The board is strong. We dropped it on the sidewalk (by accident of course) and suffered no chipping or shatters. We placed it on a tile floor and stood on it. It flexed without any ill effects. The Varial deck did suffer pressure denting - about the same as you’d get on a PU board. 

Varial is much lighter. With pad and fins it weighs 6 pounds 7 ounces while the PU counterpart weighs in at 7 pounds 10 ounces. Varial has a nice float to it without feeling too ‘corky.’  

Background - Varial was developed in the aerospace industry and has a tighter cell structure than standard polyurethane foam. According to the makers, the blanks are 25% lighter and are substantially stronger.

Varial Foam doesn’t use a stringer. Instead the foam is engineered to hold a similar flex pattern to that of a PU blank with a stringer. 

So is it a deadringer performance-wise to a PU board? It’s very, very close. The only difference is the absence of the familiar wood stringer’s flex properties. Overall we really liked it. In short, it’s like getting a team-glassed PU board that will last much longer and retain the same performance characteristics. Of course, it will cost you more than a standard PU board.

 

Structural EPS: On a basic level it surfed lively and well. Conversely, it did feel a tad stiffer flex-wise and didn’t quite knife through the water as well as it’s PU counterpart.  It was more prone to skip out when turning hard off the tail, more so than the PU and Varial foam versions.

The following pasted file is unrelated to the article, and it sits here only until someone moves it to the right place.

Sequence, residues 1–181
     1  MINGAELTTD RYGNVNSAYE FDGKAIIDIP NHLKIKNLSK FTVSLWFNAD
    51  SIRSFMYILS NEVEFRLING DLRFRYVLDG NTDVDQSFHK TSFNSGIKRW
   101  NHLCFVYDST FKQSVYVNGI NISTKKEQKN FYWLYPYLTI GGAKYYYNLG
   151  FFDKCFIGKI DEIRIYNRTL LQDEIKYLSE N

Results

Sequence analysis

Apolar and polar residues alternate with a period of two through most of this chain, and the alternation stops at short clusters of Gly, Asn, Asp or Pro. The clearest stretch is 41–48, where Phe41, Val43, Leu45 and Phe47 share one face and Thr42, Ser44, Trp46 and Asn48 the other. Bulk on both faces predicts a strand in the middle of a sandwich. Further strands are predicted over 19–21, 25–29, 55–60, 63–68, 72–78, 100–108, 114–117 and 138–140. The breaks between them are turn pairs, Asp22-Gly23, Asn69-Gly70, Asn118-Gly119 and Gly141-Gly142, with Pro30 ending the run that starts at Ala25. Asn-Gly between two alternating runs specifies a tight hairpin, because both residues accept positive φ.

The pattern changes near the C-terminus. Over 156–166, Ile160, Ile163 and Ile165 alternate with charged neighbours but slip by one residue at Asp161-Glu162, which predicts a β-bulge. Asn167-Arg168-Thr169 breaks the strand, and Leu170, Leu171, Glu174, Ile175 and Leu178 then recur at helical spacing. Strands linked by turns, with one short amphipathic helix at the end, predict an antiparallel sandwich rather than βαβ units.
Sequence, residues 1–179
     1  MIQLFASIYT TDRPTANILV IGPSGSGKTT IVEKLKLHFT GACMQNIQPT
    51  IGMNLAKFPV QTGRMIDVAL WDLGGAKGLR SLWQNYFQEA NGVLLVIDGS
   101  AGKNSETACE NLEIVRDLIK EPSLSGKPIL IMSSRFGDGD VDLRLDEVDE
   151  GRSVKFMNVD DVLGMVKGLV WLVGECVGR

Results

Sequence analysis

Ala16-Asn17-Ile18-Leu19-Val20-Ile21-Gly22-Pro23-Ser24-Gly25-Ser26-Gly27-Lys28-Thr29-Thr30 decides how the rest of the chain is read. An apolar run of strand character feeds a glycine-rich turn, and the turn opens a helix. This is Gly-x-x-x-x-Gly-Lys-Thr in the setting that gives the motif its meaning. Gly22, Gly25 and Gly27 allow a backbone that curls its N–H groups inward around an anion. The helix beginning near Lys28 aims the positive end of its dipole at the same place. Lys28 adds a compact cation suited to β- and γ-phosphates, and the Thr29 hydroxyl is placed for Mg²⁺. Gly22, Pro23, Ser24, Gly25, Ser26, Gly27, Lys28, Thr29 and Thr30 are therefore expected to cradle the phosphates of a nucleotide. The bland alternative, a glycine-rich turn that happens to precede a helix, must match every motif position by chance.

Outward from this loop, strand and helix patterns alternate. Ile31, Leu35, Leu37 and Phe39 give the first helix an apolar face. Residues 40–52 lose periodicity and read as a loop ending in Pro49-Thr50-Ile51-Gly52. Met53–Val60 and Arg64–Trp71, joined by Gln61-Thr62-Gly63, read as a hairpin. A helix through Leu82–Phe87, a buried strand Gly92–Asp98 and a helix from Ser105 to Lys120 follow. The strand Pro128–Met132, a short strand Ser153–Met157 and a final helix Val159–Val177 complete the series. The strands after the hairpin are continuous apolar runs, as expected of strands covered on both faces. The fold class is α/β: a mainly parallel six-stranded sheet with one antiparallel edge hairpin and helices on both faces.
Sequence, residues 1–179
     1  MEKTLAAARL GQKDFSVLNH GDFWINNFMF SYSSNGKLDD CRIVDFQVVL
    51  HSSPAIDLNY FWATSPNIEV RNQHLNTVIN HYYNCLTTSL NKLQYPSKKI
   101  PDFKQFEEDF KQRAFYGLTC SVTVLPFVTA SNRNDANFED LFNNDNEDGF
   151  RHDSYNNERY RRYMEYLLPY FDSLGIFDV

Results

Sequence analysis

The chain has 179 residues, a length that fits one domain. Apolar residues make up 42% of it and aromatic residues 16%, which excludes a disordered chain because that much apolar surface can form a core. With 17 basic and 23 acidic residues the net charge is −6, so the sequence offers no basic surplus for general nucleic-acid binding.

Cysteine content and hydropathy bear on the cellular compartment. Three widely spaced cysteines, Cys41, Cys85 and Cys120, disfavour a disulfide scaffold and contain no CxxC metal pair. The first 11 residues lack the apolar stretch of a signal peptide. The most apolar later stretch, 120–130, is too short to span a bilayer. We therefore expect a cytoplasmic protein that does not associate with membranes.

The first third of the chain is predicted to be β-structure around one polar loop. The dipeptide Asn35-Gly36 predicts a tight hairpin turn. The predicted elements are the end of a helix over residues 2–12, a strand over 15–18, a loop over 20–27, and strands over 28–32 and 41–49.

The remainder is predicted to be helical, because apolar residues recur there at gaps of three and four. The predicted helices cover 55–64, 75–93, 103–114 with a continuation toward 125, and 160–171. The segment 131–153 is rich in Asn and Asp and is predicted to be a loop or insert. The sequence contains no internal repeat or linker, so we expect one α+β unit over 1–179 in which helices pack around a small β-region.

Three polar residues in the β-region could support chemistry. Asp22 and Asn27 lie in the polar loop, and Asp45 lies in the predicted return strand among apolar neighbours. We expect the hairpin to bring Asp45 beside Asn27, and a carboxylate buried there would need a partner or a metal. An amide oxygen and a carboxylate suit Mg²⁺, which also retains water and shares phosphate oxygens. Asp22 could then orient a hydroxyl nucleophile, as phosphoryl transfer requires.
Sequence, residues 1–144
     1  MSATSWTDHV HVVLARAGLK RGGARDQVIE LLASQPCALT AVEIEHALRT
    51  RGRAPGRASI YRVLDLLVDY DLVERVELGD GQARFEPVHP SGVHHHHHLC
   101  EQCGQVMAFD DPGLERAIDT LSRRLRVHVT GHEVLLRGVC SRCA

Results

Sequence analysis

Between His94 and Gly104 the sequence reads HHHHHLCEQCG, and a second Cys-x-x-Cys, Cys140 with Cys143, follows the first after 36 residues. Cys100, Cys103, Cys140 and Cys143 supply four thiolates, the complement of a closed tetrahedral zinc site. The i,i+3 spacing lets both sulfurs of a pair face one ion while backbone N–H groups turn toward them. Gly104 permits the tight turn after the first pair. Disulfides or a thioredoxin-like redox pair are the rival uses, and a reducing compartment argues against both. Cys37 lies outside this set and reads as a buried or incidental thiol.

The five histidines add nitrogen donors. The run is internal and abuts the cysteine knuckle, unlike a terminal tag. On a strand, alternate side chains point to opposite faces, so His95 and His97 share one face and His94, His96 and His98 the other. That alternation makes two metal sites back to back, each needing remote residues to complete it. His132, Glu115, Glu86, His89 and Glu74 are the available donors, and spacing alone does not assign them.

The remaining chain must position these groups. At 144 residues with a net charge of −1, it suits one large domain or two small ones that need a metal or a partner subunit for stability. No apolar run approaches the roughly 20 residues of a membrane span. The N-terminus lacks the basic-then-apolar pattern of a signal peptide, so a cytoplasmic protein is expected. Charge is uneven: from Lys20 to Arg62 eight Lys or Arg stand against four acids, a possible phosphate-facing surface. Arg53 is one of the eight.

For fifty percent of the sessions the SUPERflex board went fine. It worked better than the PU and Varial board in smaller, gutless surf. The other sessions it didn’t quite have that magic ‘zing’. This was more the case in bumpy surf. It felt more floaty than the other two builds.

 


The familiar materials of a standard PU blank © Boardcave

The Takeaway

Polyurethane performs, but you never know what you’ll get off the rack with two identical models with identical dimensions due to inconsistencies in PU blanks and the laminating process. If you get a magic PU board, “keep it on ice” as one industry insider has told us. For good waves we’d choose PU over the other two.

The Varial surfs like a light, team-glassed PU board (even a bit more ‘springy’ feeling) but with excellent durability characteristics. The Varial is strong without many of the drawbacks of lighter, non-PU constructions: stiffness, chattering in chop or being extra floaty.  The downside is it costs more (30% says Varial). Some surfers might not want a board that feels ’team light’. 

The SUPERflex EPS is durable, light and better-suited to smaller surf.

Performance-wise: the SUPERflex EPS board is a good board; the PU counterpart is a great board, and the Varial Foam with Hydroflex glassing bridges the two, coming closer to the PU in performance than the SUPERflex

Author: 
Bryan Dickerson